Malware attacks on Linux systems are on the rise. These free and low-cost tools provide good endpoint protection.
I’ve been running the Linux desktop since the great desktop debate was between C Shell and Bash. I’ve never felt a need for a Linux antivirus program. But, that’s not to say that I thought I could get away without Linux desktop or server security. Far from it! While I use third-party programs like the ones below, I rely on good security practices to secure my system.
Mind you, in recent years we’ve seen an enormous increase in Linux malware. According to security company Crowdstrike, Linux malware increased by 35% in 2021 compared to 2020. Before you tear your hair out keep in mind that the vast majority of these attacks are not targeting Linux servers or cloud instances. Instead, Crowdstrike reports, XorDDoS, Mirai and Mozi, the biggest Linux-based malware families, go after the low-hanging fruit of internet of things (IoT) devices.
That doesn’t mean your servers aren’t under attack. They are. For example, LemonDuck, a popular cryptomining botnet, is targeting Docker on Linux systems to coin digital cash and is paddling around the cloud pond looking for victims.
If you look behind the recent flood of “Linux is dangerous!” headlines, you’ll find the same refrain over and over again. At the root of the security problem is a misconfiguration, a failure to patch a long-known security hole, or, frankly, incompetent system administration work. For an example of the last, an attack that requires root before it can work ignores the elephant in the room that if your attacker has root privileges you’re already completely compromised.
Linux security basics
Before you can secure anything, you need to know its security basics. For that, turn to such online classes as the Linux Foundation’s Linux Security Fundamentals; Udemy’s Linux Security and Hardening, The Practical Security Guide; and Red Hat Security: Linux in Physical, Virtual, and Cloud.
You should look at Linux security books and online guides. Some of the best include:
- Hardening Ubuntu. Systemd edition
- Arch Linux Security
- Securing Red Hat Enterprise Linux 8, which is useful for any Red Hat-based distro
- Mastering Linux Security and Hardening
There are also online security news sites you should watch. The single best source for this is Red Hat’s Security Product Advisory page. While much of it is Red Hat Enterprise Linux (RHEL) specific, Red Hat also covers security issues that matter to all enterprise Linux distributions. Red Hat also does the best job of the major distros of reporting security fixes as soon as possible.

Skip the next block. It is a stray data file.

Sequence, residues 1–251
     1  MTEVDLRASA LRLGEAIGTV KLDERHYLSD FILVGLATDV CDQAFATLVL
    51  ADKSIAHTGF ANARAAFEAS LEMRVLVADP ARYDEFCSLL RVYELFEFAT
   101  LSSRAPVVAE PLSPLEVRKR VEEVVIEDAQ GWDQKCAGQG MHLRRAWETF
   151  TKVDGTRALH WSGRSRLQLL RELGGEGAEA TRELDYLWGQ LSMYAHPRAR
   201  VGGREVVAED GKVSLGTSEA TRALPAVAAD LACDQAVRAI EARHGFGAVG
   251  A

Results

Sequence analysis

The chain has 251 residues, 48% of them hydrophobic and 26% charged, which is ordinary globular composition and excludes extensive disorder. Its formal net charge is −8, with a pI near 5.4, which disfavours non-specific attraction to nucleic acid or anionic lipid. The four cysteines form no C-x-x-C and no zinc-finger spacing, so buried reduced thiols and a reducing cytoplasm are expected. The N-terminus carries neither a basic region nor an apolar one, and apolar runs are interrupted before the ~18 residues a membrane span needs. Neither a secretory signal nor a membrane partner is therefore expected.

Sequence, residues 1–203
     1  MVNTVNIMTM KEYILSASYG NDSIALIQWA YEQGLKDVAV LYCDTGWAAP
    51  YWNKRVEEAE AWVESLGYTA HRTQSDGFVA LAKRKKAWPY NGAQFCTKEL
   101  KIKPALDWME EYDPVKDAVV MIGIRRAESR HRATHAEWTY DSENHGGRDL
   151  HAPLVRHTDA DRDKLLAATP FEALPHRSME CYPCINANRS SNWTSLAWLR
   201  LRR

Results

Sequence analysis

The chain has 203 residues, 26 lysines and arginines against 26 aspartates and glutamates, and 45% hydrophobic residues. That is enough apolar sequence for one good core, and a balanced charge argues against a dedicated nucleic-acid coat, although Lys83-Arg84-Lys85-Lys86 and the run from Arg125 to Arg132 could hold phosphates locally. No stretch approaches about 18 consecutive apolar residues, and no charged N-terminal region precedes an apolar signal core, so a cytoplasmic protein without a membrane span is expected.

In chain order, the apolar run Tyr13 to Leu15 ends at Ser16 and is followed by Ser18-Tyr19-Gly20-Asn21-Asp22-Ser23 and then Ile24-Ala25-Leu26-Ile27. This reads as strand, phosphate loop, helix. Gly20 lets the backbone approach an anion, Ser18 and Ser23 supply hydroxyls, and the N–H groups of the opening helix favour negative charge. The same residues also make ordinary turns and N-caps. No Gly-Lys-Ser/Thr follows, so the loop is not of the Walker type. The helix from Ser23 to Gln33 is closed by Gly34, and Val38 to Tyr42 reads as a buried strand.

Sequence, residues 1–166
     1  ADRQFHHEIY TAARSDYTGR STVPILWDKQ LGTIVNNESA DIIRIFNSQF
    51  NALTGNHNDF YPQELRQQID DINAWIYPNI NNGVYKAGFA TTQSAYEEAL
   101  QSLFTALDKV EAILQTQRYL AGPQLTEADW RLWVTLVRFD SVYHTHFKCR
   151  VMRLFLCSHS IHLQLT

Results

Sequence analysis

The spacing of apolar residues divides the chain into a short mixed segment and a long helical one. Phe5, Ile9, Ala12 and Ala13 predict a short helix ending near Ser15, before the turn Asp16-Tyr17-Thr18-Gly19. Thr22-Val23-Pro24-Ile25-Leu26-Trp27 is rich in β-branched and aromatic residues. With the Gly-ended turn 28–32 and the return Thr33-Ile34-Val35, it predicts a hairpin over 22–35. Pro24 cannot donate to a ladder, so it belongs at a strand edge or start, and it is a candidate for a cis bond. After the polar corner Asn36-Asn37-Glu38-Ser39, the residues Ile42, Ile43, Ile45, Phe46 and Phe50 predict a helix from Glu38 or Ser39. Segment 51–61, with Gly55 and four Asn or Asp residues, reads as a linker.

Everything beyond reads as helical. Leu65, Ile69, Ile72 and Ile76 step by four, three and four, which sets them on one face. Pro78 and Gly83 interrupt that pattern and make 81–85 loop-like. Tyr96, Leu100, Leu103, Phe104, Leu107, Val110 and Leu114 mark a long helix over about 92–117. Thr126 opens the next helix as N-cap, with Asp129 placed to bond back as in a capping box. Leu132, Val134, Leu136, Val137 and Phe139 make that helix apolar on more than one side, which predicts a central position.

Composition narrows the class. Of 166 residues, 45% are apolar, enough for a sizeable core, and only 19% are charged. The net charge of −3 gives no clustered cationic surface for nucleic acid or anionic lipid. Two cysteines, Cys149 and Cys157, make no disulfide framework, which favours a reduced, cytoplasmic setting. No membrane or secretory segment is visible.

Another important resource is the oss-security mailing list for open-source security software reports and discussions.
Locking down Linux
Once you have the fundamentals down, you can work on locking down your Linux systems with more advanced built-in Linux tools. The foremost of these is SELinux.
SELinux is a set of Linux patches and user tools that add mandatory access control (MAC) security to the operating system. It defends the operating system by locking down any hacked or misbehaving application, preventing them from causing damage to data or other applications. But, and this is important, SELinux’s fundamental security approach is to restrict everything unless explicitly permitted. That’s the exact opposite of Linux’s standard security approach, discretionary access control (DAC), which permits everything unless explicitly forbidden.
With traditional Linux DAC security, the root user is omnipotent, for better or worse. Each process runs under a user and group. For example, the Apache webserver httpd process runs as the user apache under the group apache. Thus, the httpd process has access to all Apache files and directories. If it’s cracked, the hacked httpd process can access, modify, and destroy all files that belong to Apache.
Or, as Tom Cameron, senior technical trainer at Amazon Web Services (AWS) and SELinux expert puts it, with ordinary Linux, “[w]e give you the gun, and there’s your foot.” In short, SELinux is great for securing systems, but you really must know it well before deploying it. The most common problems with SELinux occur when it’s deployed badly.